WASHINGTON — Senate Intelligence Committee Chairman Richard Burr, R-N.C., who had expressed confidence in the country’s preparedness for the coronavirus outbreak, sold a significant share of his stocks last month, according to public disclosures.

The sales included stocks in some of the industries that have been hardest hit by the global pandemic, including hotels and restaurants, shipping, drug manufacturing and health care, records show.

Until about a week ago, President Trump and GOP leaders had projected optimism in the country’s ability to manage the global outbreak of the coronavirus.

As head of the powerful Intelligence Committee, Burr reportedly was receiving daily briefings on the threat of the virus. In mid-February, he sold 33 stocks held by him and his spouse, estimated at between $628,033 and $1.72 million, Senate financial disclosures show. It was the biggest number of stocks he had sold in one day since at least 2016, records show. The Feb. 13 stock sales were first reported by ProPublica.

Then at a Feb. 27 luncheon, Burr compared the potential impact of the novel coronavirus to the unusually deadly 1918 flu pandemic. His remarks at the private event were obtained by NPR and aired Thursday.

His remarks prompted scrutiny over whether Burr had offered a more frank warning at a Capitol Hill event sponsored by North Carolina business leaders than he and his colleagues were sharing more broadly.

“There’s one thing I can tell you about this: It is much more aggressive in its transmission than anything we have seen in recent history,” Burr said, according to the NPR recording, which was not disputed by his staff. “It’s probably more akin to the 1918 pandemic.”

Burr’s office declined to answer specific questions about his stock sales. About a week after those sales, the stock market sharply declined.

“Senator Burr filed a financial disclosure form for personal transactions made several weeks before the U.S. and financial markets showed signs of volatility due to the growing coronavirus outbreak,” read a statement from Burr’s office.

“As the situation continues to evolve daily, he has been deeply concerned by the steep and sudden toll this pandemic is taking on our economy. He supported Congress’ immediate efforts to provide $7.8 billion for response efforts and this week’s bipartisan bill to provide relief for American business and small families,” the statement read.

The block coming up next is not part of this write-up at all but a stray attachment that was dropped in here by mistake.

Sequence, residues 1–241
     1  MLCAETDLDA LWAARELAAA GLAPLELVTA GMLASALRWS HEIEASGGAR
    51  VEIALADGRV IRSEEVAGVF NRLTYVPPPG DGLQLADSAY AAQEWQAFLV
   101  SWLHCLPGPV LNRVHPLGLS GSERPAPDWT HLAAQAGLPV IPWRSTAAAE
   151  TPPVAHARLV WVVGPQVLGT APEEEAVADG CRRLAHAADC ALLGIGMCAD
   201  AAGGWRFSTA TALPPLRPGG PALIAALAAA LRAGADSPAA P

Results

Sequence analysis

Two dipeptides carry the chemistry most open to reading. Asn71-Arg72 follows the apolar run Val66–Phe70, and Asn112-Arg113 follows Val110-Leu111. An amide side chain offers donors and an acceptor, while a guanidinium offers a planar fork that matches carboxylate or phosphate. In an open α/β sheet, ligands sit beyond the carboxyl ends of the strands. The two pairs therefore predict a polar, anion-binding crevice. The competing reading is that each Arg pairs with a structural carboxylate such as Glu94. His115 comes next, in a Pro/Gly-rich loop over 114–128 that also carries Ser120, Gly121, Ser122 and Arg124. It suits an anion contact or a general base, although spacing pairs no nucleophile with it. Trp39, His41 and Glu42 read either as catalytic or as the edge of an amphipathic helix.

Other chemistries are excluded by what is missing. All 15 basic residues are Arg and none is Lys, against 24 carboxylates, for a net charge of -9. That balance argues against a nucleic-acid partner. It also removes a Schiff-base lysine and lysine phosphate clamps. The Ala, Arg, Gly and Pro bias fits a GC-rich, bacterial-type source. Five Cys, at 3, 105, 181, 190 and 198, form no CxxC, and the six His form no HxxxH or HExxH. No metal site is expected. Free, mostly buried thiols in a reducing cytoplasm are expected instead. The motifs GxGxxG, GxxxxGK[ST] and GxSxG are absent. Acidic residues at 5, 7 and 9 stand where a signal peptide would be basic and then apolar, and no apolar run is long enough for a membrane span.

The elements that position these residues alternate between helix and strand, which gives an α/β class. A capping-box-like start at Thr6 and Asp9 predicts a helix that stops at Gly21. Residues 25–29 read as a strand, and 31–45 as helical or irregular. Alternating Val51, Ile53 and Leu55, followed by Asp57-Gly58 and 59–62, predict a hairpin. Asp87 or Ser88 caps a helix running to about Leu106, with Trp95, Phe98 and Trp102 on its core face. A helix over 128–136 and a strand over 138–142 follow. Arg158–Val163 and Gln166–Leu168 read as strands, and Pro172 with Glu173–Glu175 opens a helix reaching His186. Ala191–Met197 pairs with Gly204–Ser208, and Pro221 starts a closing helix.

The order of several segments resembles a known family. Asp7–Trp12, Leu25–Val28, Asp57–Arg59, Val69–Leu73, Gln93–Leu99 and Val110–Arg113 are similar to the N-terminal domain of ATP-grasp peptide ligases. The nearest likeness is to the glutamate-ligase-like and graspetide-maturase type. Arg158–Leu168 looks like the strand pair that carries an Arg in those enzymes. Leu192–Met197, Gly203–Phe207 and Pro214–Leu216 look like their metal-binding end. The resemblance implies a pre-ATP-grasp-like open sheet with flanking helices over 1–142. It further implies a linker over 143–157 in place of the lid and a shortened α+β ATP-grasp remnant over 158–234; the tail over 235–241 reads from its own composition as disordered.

Federal officials are barred by federal law from using the nonpublic information they learn in their positions for their private financial gain.

Insider trading prohibitions apply to all members of Congress, congressional staff and other federal officials, under the Stop Trading on Congressional Knowledge (STOCK) Act of 2012. Burr was among three senators who voted against the legislation at the time.

Under the law, officials must publicly disclose stock sales within 45 days after the transaction. Though the reported date of the 33 transactions in Burr’s financial disclosure is Feb. 13, it is unclear whether all the stocks were sold on that date, and Burr’s office declined to clarify.

Government watchdogs said they were concerned about Burr’s comments and stock sales, which they said deserve closer scrutiny and should prompt a Senate ethics investigation.

“We have huge concerns with this ethically. As a senator, he has a responsibility to his constituents first. The idea that he might be profiting off insider information is problematic,” said Lisa Gilbert, vice president of legislative affairs of the good-government group Public Citizen.

On Feb. 7 – less than a week before the reported date of those sales – Burr played down the virus’s threat, co-writing a column arguing that while Americans are right to be worried, the United States was “better prepared than ever before to face emerging public health threats, like the coronavirus, in large part due to the work of the Senate Health Committee, Congress, and the Trump Administration.”

Even three weeks later, GOP lawmakers and Trump continued to project confidence that the virus’s outbreak was being managed.

On Feb. 27, Trump publicly predicted that the coronavirus would one day disappear “like a miracle.”

Yet on the same day, Burr attended the private event and warned attendees of some consequences of the coronavirus that have since materialized.

“Every company should be cognizant of the fact that you may have to alter your travel,” he told the gathering, according to the NPR report. “You may have to look at your employees and judge whether the trip they’re making to Europe is essential or can be done on videoconference.”

Burr’s office disputed characterizations that the senator’s public and private comments at the time were at odds.

“Senator Burr has been banging the drum about the importance of public health preparedness for more than 20 years,” Burr spokeswoman Caitlin Carroll said Thursday. “His message has always been, and continues to be, that we must be prepared to protect American lives in the event of a pandemic or bio-attack. Since early February, whether in constituent meetings or open hearings, he has worked to educate the public about the tools and resources our government has to confront the spread of coronavirus. At the same time, he has urged public officials to fully utilize every tool at their disposal in this effort.”

In another statement highlighted by Burr’s office, he reacted on March 3 to the first reported coronavirus case in North Carolina.

“The U.S. is in a better position than any other nation to handle a public health emergency like coronavirus,” Burr said. “But Congress must continue working to make sure first responders have the resources they need and the federal government is using all the tools at its disposal to stem the problem.”

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